Walking Up The Creek

Katy remembering long ago

Imagine one of those July days when one is aware of nothing but summer. The sky is blue with a few ruffles of white cloud, the sun sends brilliant streams of hot golden light pouring relentlessly over the landscape and the unmoving air, heavily laden with dust, smells of dry grass and red roses.

Even flies are too hot to buzz about today though I see several indefatigably industrious ants scurrying along the porch rail gathering the grains of sugar I spilled when sweetening my iced tea. Lazy, lazy days of summer.

It would be an excellent afternoon to follow a creek to its source as I did many years ago. Those threadlike streamlets that emerge from tree lined gullies along the highways and byways can lead to scene after scene of natural beauty. Fallen trees blanketed with luxuriant mosses, curtains of wild grapevines draped over shale walls, primordial ferns and tiny flowerlets tucked in secret places delight the eye.


Tiny waterfalls or weathered shale out-croppings revealed fossils to my wondering eye. Pools of stagnant water rich with miniscule life, streamers of green scum richly evil smelling, small holes suggestive of chipmunks and larger ones which might belong to woodchucks, all added to the cool enchanted world I was exploring.

I sat silent for a while, listening for the hushed sounds of woods creatures scurrying about, although most of them hole up during the heat of the day. The bird's songs, bell-like and clear, were more melodious than the town robin's chirp. Water beetles ferried back and forth over the surface of a pool. There were prints of dainty hooves at the water's edge that told of deer visiting the place at some time.


Between the steep follage-hung slate walls of the gully the air was damp, cool, redolent of rotted wood, leaf mould, and stagnant water. A dark stain on one wall showed where water seeped from the ground, oozing a few drops a day into the stream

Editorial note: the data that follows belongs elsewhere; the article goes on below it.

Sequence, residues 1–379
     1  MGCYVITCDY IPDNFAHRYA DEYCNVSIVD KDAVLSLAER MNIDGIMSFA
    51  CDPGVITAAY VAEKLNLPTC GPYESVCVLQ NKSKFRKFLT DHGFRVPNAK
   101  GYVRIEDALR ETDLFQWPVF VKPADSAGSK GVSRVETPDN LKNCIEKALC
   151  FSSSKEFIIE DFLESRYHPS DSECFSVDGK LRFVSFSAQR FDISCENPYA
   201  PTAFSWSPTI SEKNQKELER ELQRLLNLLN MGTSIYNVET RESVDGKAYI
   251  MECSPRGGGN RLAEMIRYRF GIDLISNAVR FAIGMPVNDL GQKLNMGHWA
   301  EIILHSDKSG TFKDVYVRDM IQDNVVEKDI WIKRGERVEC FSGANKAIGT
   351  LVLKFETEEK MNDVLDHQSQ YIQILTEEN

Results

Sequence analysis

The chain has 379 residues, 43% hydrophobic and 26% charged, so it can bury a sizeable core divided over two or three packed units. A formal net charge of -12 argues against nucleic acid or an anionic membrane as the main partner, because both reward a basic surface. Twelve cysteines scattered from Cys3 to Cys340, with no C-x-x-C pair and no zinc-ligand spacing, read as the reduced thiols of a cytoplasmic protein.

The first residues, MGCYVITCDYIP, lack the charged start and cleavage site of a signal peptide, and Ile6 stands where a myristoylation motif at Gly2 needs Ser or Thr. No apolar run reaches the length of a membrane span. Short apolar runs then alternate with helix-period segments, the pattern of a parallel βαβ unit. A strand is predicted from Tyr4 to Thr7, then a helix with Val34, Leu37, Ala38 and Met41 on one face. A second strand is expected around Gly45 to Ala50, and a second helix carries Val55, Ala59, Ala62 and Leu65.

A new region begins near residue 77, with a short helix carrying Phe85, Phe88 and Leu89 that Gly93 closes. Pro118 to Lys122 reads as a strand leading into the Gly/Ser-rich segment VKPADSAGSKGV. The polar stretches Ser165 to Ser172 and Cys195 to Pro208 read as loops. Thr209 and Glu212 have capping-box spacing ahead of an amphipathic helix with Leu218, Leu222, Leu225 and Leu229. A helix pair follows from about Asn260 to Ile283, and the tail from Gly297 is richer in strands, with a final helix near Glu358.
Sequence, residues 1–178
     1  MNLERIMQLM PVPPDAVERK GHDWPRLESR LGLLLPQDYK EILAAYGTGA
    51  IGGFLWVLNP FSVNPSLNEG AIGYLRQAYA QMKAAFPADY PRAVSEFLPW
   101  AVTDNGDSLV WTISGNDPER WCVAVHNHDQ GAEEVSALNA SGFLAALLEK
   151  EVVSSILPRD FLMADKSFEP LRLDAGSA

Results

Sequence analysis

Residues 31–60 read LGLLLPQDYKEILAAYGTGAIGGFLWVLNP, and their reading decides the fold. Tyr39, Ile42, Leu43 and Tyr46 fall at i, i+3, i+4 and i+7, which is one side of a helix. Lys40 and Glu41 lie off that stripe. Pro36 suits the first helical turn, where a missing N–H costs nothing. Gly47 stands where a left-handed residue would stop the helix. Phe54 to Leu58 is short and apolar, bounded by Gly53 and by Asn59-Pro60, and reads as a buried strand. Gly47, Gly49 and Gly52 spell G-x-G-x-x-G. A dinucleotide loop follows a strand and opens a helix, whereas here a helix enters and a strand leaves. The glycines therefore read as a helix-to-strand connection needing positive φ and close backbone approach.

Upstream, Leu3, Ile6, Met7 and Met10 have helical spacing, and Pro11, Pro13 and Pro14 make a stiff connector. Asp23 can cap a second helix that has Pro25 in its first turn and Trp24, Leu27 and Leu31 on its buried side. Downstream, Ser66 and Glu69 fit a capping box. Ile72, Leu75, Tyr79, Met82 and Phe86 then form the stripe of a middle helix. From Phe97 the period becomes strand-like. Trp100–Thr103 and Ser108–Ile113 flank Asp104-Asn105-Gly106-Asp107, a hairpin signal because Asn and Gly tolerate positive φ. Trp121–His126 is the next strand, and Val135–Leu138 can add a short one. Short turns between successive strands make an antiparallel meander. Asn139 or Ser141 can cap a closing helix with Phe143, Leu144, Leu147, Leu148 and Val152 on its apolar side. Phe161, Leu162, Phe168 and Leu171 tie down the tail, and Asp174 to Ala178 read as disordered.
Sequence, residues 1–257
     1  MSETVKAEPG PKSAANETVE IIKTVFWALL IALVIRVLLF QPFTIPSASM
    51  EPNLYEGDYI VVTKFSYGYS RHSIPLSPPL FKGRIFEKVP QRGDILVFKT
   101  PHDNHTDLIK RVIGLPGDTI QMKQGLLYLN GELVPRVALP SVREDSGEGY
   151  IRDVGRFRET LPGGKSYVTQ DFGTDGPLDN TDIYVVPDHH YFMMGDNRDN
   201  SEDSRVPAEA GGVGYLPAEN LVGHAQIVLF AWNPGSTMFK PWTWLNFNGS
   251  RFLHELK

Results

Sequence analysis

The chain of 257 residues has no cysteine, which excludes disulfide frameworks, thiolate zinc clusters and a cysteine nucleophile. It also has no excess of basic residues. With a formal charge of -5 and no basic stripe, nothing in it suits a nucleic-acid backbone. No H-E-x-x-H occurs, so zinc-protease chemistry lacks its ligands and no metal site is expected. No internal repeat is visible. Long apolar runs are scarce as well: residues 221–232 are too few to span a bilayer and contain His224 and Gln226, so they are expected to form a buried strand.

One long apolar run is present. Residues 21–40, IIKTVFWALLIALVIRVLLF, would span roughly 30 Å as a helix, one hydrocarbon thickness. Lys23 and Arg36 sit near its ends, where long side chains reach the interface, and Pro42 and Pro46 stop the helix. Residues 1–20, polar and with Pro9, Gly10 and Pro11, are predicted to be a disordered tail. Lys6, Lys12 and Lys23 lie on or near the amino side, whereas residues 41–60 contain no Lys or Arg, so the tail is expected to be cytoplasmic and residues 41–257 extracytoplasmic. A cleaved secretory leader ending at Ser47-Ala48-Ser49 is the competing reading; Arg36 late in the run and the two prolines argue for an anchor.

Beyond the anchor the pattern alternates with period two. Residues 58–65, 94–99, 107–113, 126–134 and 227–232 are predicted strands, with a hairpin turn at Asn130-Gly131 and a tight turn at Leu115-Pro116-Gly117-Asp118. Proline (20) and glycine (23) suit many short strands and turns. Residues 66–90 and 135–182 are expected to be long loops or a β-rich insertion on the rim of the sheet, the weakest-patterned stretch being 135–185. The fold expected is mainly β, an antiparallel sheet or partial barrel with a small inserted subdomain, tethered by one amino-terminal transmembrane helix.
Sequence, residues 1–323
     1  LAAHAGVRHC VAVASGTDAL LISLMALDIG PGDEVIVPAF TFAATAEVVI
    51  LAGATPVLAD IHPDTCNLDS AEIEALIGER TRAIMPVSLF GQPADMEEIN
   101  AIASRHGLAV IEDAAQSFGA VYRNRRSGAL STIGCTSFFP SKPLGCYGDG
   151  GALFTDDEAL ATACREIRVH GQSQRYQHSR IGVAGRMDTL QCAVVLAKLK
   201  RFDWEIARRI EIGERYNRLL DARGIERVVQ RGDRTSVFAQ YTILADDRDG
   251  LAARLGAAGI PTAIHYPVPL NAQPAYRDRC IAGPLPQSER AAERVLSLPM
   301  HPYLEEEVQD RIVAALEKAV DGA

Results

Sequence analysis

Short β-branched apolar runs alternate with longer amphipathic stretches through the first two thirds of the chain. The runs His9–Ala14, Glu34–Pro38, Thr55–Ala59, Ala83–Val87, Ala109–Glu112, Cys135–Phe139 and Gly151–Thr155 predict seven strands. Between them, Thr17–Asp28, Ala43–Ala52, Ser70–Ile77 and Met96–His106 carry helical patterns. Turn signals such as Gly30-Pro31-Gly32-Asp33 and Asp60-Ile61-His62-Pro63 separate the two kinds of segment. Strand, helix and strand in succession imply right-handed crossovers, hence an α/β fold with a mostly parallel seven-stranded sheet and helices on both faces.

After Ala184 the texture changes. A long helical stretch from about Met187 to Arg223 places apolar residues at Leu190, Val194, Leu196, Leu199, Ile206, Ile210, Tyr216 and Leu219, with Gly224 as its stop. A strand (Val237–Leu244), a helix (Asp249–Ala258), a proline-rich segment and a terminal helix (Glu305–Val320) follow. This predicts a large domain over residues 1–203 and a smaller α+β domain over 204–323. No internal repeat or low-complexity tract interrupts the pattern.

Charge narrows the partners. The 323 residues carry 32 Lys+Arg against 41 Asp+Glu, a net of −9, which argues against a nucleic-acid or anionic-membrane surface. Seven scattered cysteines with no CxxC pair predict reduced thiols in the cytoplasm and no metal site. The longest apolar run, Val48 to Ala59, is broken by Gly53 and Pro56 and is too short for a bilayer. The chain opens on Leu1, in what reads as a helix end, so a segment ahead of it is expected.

A turtle had set up housekeeping here. All alone, it seemed, he lived his hermit life with a well stocked larder of bugs, a bit of water for swimming, a nice patch of sunny rock for basking, and a good mud bed. Everything a turtle's heart could desire.

The gully twisted and bent, hiding its path, then disclosing a new picture as I rounded the next curve. A boulder worn to glassy smoothness by ages of flowing water, terraces of eroded shale indicating the gradually decreasing water level over the years, a shallow cave in the ravine wall where I might have sought shelter from a rain storm, narrow defiles where harder rock resisted the water's hungry licking and finally the sodden spot whence the water issued from the ground.

No bubbling fountain that, but a dark, wet, mucky place under which lay a lazy artesian spring, idly seeking escape. I was tempted to prod with a stick or even dig a bit with my hands to see if I could free the spring's mouth to flow more abundantly. I visualized a gush of clean water roaring down the course, clearing the stagnant pools, washing away the smelly scum, filling the stream banks with a singing, racing flow.

But my efforts were of no avail. There was no impassioned prisoner there awaiting release. Then I realized that had there been, the whole lovely world I had just explored would be changed, wiped out. The mosses would be washed away, the turtle's hermitage destroyed, the water beetles hurtled into oblivion, trees undermined, rocks tumbled out of place. I sat back, wiping muddied hands on the grass and studied the spring.

No, no harm done. The slow seepage continued untroubled by my well intentioned tampering. My feeble hands had been unable to upset the balance nature had established. I retraced my way, descending waterfalls, scrambling over tree trunks, discovering new bits of loveliness as I went. Then I emerged, chilled, damp about the seat, greenly wet about the feet, legs and arms mud spattered and scratched, into the late afternoon heat, feeling that I'd been in an entirely different world, refreshed and a bit wiser for my experience.